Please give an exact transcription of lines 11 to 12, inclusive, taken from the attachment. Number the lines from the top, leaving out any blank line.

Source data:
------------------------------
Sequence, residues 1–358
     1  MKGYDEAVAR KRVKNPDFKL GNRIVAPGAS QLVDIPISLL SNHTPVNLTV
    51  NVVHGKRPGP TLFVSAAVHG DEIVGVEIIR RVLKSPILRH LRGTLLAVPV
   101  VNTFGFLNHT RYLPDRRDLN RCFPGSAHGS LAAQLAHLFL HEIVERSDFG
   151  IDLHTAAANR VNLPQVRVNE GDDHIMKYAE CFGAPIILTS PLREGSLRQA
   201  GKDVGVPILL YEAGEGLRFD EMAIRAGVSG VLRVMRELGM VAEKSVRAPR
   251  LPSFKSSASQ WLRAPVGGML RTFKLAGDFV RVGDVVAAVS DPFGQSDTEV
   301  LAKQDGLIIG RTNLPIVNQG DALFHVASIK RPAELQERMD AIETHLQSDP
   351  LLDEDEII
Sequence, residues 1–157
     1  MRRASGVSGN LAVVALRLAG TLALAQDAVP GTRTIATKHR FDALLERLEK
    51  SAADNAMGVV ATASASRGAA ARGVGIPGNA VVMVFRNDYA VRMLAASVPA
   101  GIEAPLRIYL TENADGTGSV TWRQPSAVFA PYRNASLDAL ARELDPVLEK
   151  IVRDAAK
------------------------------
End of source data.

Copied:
     1  MRRASGVSGN LAVVALRLAG TLALAQDAVP GTRTIATKHR FDALLERLEK
    51  SAADNAMGVV ATASASRGAA ARGVGIPGNA VVMVFRNDYA VRMLAASVPA